Dr. Sadovsky:

So first give yourself some grace. I think most of my care tips actually go to mom. It’s okay to ignore the laundry. It’s okay to ignore the dishes, have somebody bring you some dinner, and just survive because you’re in survival mode for those first days, weeks—it’s all just a crazy blur. And I wish that every mom would know it’s okay, no one else needs to rely on you for anything, right? Because that baby is relying on you for everything. The baby will let you know when they are hungry or tired by crying. And you’re going to hear plenty. You need to take care of yourself to be able to take care of this other human being. So just give yourself some grace, sleep when you can. I know that when I had my first, I was feeling guilty about sleeping during the day because there was other stuff to be done, but, you know, looking back, I was thinking, why was I so crazy about it?

Amanda:

The best thing though. I mean, you can do anything when you’re well-rested, right. And after growing a human for nine months and then giving birth…

Dr. Sadovsky:

Absolutely, absolutely. Keep taking your multivitamin, keep drinking a ton of water, and just trust that things are going to be okay.

Amanda:

I think that’s the biggest thing that we all need to hear. It’s gonna be okay. Speaking of newborns and this crazy time where we’re all in, I hate to use the word unprecedented because I never need to hear that word ever again. It is. Let’s talk about newborns and COVID and social distancing because it’s hard enough in the fall. Especially for all our fall moms who are coming up worried about flu season. And I’m not just worried about flu season…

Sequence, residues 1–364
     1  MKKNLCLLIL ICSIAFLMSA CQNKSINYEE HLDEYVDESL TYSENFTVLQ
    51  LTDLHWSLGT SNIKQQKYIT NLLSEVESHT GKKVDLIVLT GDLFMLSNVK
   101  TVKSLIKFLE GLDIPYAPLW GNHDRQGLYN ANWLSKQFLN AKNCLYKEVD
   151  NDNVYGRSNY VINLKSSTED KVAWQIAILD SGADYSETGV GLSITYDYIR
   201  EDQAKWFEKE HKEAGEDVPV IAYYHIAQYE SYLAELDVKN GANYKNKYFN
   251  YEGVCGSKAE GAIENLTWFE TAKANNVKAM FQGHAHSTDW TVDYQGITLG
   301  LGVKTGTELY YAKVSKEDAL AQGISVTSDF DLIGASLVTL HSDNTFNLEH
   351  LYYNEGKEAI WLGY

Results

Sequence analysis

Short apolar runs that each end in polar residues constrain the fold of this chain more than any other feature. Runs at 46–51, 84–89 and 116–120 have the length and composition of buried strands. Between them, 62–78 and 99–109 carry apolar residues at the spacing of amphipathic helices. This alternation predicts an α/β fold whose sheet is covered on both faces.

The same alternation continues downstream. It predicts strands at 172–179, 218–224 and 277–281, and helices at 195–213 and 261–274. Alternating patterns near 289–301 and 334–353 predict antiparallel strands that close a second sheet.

Dr. Sadovsky:

Absolutely. Yeah. And it just kind of, as I know a lot of moms are worried about when I’m going to the hospital, is it going to be safe and all that? And I was in the hospital during the peak of what San Antonio was experiencing this summer. So I can say that it was a safe spot to be in the hospital, all those nurses at labor and delivery, and in the nursery postpartum areas, they’re all used to keeping people out who don’t belong. So they know, and they protect all the women and babies there. So know that you are in the best hands in the hospital. The question that I keep getting is, should I let grandma come over? Should I let an uncle? Should I, should I? I think it really depends on mom’s comfort level. If you know that the people who are coming into your house have been responsibly wearing their masks and responsibly socially distancing, and you can trust that they’re not going to walk in symptomatic then, by all means, let your loved ones come in, hold your baby and help you because you need help too.

But if you are like many moms where you’re starting to questions like, Oh yeah, well, this family is in school and their kids are going to school and the parents are in whatever. Then maybe you should say, well, I’ll let you hold the baby and see the baby when the baby is a month old or whenever you feel comfortable.